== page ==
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Studying for a master's in the context of a rapidly changing world

Shanzina Alam describes how she has been able to develop her passion for inclusive architecture whilst studying for her master's at Reading.

Shanzina Alam and two other students standing around a table, talking.

Shanzina Alam is passionate about creating architecture that will pave the way for more people to feel comfortable in the world around them. Her younger brother is autistic and Shanzina has personal experience of the difficulties that neurodivergent people can face within traditional architectural confines.

Designing with purpose

“I am so satisfied with studying for my master's here. It is not only about being creative, it is about focusing on the actual purpose you have for designing something; how does it work for the community or environment?”

And speaking about environmental factors, Shanzina adds:

“It is also about considering what already exists, what can be reused. One of our main projects is about regenerative design and how we can reuse materials. How can we reclaim them?

“Studying here, I feel like I have more meaning in my degree, and more in life overall.”

Pioneering architectural tutors

Shanzina was delighted to be offered the opportunity to work with Professor Flora Samuels on the Community Consultation for Quality of Life (CCQOL). Flora is the lead academic for the CCQOL, which is a map-based model of community consultation. It aims for a more purposeful, community-minded age of architecture and long-term sustainability.

“Part of this project is the Urban Room, where local people can come and give their views on the future of their city.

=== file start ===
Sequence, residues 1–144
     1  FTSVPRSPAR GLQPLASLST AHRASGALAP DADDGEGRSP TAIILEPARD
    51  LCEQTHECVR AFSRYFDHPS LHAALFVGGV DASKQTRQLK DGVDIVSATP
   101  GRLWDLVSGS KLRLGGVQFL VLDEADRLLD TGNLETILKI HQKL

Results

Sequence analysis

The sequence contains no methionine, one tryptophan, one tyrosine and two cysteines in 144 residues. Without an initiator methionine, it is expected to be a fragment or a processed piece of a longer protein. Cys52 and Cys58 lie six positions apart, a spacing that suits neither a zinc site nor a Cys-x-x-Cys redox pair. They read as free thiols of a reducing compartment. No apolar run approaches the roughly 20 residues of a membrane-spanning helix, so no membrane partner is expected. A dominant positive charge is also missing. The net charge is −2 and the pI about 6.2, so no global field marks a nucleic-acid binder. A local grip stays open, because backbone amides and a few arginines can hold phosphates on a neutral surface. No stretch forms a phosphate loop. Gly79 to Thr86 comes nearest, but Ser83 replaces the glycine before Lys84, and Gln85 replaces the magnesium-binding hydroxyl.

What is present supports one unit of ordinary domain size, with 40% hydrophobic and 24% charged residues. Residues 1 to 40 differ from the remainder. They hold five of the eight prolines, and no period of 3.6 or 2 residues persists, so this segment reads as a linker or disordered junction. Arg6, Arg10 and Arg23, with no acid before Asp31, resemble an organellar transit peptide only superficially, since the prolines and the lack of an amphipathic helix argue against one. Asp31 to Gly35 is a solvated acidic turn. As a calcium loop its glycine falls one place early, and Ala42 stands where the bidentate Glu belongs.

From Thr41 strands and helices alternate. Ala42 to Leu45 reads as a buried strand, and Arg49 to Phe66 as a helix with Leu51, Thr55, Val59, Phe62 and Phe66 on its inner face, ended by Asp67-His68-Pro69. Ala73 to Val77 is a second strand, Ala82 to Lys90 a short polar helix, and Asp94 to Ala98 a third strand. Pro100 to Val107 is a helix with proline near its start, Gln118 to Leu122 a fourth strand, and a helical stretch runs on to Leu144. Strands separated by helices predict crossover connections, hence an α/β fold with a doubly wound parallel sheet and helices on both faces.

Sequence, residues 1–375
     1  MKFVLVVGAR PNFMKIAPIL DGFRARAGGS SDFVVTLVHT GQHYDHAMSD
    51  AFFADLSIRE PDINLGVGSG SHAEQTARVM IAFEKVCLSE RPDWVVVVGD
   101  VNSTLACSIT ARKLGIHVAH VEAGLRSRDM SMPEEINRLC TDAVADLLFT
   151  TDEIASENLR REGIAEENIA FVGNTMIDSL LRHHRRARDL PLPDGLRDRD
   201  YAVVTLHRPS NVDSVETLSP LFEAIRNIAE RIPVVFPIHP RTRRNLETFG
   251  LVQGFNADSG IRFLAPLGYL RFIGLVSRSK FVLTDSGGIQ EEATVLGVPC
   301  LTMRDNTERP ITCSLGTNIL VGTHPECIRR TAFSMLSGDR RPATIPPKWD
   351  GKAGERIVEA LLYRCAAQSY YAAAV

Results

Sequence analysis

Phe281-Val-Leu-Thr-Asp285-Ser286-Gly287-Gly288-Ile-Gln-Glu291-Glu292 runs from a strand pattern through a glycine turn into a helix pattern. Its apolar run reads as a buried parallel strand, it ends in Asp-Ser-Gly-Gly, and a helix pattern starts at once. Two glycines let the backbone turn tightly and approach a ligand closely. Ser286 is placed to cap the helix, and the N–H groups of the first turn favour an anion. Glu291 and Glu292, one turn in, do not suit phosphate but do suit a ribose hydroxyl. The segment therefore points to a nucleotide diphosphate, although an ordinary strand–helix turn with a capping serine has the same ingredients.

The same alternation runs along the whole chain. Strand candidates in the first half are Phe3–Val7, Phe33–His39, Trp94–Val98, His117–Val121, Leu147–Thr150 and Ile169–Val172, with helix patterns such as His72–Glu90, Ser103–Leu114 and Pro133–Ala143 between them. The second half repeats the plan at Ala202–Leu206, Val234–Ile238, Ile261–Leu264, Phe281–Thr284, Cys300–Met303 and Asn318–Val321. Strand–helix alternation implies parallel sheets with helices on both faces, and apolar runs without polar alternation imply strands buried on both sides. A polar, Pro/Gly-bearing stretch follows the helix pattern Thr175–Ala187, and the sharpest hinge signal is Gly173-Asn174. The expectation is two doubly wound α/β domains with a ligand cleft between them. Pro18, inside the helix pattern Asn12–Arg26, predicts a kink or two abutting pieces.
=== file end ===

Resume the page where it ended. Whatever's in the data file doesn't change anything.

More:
“I feel very pleased to be involved and to be able to investigate such questions as: how would an autistic individual be able to join in, or what are some of the anticipations that neurodivergent people might be facing?”

Architectural practice that engages with places and communities

“We can develop our environment for neurodivergent adults by learning from the schools that have done so much for autistic children. We need to engage those adults into community consultation and get their voices heard.”

Shanzina’s brother is too young to fully comprehend what her objectives are, but as she points out, the family may not always be around for him in the future, and this gives her the motivation to work at creating spaces where he can feel comfortable.

Having been a carer for children with hidden or physical disabilities, Shanzina has seen what families and carers go through alongside the child. These experiences have made her determined to contribute to creating communities that are inclusive and welcoming for all.

A mentor in the family

As well as being inspired by her brother, Shanzina always had a mentor in her father.

“My family has a property business in Bangladesh, and my father would say to me when I was young: ‘Draw this up for me, make it look nice!’  and my interest developed from there.”

When he sadly passed away during Shanzina’s first year of her master's degree, she took on a great deal of family responsibility. She is grateful that her tutors were there to encourage and support her.

“Fortunately I had great tutors who were understanding and kind. They encouraged me to do the best I could at the time and luckily I got through it.

“I knew my dad would be supporting me.”

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